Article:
I deliberately paired a cue with weak reinforcement, and I didn’t intervene if they chose the “stay in the yard” option. I could have skipped the food reinforcer entirely. Coming in the house is often reinforcing by itself. But I want to reinforce my dogs–in some way–any time they come to me after I have cued it.
“Real” Recall Cues
If that weakly reinforced cue were the only way I had to call my dogs, I’d be in trouble. A strong recall is a safety issue. I also have a strongly reinforced recall cue for each of my dogs. These cues are designed and trained to a level that the dogs’ responses are reliable even in the face of large temptations. When I use those recall cues, I pay well. I bring out the meat and fish.
So again, for the choice recall I pay low. If they choose not to respond, I let them go about their business. For the “real” recall cue I pay high value, and keep it practiced so that their responses are reliable.
The differences in the dogs’ responses are a result of the quality of the reinforcement. They are not necessarily a result of questioning tone. It’s not some intrinsic quality of the antecedent. It’s the consequence that is tied to it.
Movie: Two Different Recall Cues
The movie shows what Zani does when she hears her heavily reinforced recall vs. what she does when she hears her “come if you want” cue.
Wait–What’s the Real Cue?
This is important. When I invite my dogs inside, is my verbal question the only cue? Nope. There’s something more salient than what I’m saying. It’s the fact that I am up on the porch, headed to the back door.
There are tons of cues like this in our dogs’ lives. If I am about to get my dogs’ supper, the time of day plus the fact that I’m walking to the kitchen show that. Other actions strengthen the message, including my gathering up the dogs’ food toys and getting out the food. It’s common for something other than our exact verbal cue to be the most noticeable cue for our dogs. My friend Debbie Jacobs has a great little movie where she is out with her dogs in the woods. Her dogs are all out of sight. She calls out, “Overhead slide projectors!” Her dogs come running. Her dogs are not responding to the specific words. It’s enough that they are out in the woods and she calls out some words, any words.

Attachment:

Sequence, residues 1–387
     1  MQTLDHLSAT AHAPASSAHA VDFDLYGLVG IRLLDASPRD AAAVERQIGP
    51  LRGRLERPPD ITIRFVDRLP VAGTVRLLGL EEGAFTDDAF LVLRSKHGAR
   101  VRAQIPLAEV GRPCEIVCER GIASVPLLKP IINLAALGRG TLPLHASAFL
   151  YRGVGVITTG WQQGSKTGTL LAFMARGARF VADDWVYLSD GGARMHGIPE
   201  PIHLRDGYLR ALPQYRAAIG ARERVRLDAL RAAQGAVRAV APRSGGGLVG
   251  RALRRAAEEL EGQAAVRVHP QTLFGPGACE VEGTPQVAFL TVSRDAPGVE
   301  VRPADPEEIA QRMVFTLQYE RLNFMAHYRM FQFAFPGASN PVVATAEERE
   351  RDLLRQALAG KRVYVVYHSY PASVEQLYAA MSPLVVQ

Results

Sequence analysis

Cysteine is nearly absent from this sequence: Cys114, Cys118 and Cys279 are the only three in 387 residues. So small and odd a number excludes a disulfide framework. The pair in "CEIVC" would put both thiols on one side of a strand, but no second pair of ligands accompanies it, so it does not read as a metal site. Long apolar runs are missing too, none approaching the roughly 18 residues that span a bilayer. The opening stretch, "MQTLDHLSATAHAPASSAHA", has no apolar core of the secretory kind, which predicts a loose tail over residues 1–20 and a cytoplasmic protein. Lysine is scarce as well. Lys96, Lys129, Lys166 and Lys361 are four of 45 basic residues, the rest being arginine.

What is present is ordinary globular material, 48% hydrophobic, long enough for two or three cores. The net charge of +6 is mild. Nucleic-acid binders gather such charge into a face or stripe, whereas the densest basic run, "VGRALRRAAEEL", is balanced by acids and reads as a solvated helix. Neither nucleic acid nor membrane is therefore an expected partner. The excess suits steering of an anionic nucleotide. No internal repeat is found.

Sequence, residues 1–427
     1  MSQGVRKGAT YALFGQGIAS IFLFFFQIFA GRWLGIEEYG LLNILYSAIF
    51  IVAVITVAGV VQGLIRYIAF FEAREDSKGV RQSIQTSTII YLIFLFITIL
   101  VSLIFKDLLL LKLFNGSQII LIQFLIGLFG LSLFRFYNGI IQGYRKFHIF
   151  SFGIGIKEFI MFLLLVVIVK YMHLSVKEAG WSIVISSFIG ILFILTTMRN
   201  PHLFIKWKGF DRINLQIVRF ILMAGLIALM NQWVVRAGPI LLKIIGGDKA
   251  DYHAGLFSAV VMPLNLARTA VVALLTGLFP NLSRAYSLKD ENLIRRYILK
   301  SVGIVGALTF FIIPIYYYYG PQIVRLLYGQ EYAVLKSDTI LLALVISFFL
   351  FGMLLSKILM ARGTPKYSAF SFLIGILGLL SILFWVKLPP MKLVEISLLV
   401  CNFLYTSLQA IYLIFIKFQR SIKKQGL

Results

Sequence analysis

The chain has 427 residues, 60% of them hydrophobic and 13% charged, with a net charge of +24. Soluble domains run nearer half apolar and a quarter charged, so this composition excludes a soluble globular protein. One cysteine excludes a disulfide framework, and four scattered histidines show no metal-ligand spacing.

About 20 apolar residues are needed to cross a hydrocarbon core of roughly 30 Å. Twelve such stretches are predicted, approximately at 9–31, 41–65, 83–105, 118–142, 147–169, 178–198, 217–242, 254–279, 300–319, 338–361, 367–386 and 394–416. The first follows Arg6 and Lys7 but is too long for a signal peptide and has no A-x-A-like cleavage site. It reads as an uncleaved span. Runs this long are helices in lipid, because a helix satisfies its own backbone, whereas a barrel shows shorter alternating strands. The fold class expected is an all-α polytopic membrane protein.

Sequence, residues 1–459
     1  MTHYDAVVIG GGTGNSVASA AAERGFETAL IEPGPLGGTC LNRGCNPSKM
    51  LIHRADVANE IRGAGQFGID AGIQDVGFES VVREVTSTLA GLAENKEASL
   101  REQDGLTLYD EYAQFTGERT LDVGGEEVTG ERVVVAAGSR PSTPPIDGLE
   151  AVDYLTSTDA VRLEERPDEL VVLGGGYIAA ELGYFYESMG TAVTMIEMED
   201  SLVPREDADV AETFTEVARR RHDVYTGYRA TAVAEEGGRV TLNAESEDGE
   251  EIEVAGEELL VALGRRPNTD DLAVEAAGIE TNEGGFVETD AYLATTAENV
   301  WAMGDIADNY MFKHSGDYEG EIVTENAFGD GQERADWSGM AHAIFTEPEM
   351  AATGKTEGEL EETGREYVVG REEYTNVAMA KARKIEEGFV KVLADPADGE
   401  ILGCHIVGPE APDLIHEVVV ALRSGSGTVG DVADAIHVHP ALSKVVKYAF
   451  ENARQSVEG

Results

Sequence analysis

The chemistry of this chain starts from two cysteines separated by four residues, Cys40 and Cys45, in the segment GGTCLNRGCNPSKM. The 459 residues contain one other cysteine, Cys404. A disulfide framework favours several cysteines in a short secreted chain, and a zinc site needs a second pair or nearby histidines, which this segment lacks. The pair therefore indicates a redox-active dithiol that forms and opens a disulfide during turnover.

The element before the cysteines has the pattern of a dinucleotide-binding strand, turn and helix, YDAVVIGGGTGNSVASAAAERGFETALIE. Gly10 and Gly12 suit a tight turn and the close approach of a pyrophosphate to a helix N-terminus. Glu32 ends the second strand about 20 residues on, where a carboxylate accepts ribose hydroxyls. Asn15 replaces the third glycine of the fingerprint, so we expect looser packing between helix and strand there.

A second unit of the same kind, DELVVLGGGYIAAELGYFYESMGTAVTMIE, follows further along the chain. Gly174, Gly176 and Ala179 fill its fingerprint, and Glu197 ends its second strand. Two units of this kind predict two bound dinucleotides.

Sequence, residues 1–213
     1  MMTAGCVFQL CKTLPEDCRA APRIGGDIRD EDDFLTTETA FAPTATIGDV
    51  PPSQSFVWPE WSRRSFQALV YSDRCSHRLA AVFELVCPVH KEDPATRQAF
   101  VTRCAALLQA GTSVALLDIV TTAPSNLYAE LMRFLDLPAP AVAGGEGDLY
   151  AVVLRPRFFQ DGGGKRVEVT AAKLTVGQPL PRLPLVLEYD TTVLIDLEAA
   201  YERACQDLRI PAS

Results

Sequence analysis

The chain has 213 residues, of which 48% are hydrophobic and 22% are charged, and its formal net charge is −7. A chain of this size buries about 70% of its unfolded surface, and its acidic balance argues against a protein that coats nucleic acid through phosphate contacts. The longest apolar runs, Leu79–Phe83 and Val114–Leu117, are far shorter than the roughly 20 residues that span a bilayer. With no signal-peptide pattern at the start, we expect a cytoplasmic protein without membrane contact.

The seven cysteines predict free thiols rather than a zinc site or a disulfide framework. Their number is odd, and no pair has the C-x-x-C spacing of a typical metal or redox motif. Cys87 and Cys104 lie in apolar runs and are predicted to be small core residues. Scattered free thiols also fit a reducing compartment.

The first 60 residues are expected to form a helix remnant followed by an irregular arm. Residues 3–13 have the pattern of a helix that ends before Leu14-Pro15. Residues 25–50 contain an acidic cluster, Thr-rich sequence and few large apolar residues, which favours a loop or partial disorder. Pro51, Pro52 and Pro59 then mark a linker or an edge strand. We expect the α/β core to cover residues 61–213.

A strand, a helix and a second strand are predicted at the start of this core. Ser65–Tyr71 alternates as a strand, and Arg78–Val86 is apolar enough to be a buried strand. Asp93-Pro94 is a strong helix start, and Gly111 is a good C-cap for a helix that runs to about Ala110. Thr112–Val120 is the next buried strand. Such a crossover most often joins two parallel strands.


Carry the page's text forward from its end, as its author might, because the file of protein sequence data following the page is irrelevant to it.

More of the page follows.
People who say that our dogs have advanced understanding of human language are making extraordinary claims. At the same time they are often ignoring dogs’ masterful powers of observation. Extraordinary claims require strong evidence. Stronger than saying, “When I ask my dog a question, she understands she has a choice, because this study showed that dogs have a language center in their brains just like humans.” It’s difficult to control variables enough to show evidence for this outside a laboratory. I’ll be discussing the Law of Parsimony and the idea of falsifiability of claims in a future post.
Often when we scratch the surface of a recommendation that sounds attractive–”Ask your dogs questions instead of ordering them around with robotic monosyllables!”–we find that the claimed results may not be as advertised. Or they may not be happening for the reasons cited. In response to the inevitable question: I talk to my dogs all day every day. But when I am actually trying to impart information to them, I try to be very clear. I believe that it is humane and loving to give clean, clear cues to dogs and not to overestimate their language capabilities.
The blanket recommendation of using complex conversational cues strikes me as odd for another reason. I currently have three dogs, and have trained another handful. Not a huge sample, but that’s part of the point. I have perceived big differences in how easily they learn verbal cues even within this small group. My little hound mix Zani has a really hard time learning verbal cues (though she’s great at inflections). I’m sure part of it is my poor training mechanics, but even so, there is a clear difference in how many repetitions Zani needs to learn a verbal cue compared to my dog Summer, for instance. And Zani is no slouch in the brains department. So I am concerned about wholesale recommendations to switch over to sentences, since for some dogs verbals are the thing they pay the least attention to.
Finally, I think focusing on dogs’ supposed understanding of human language is very human-centric. I’d rather put that energy into reading them better and learning their language. Dogs are already saying yes and no to things all the time, if only we would listen.
I’ve provided this handy list of the recent journal articles on this topic: Dogs and Language. If you want to comment about the findings, please quote the actual articles and not the blog posts or major media articles about them. Many have been sensationalistic.
Copyright 2016 Eileen Anderson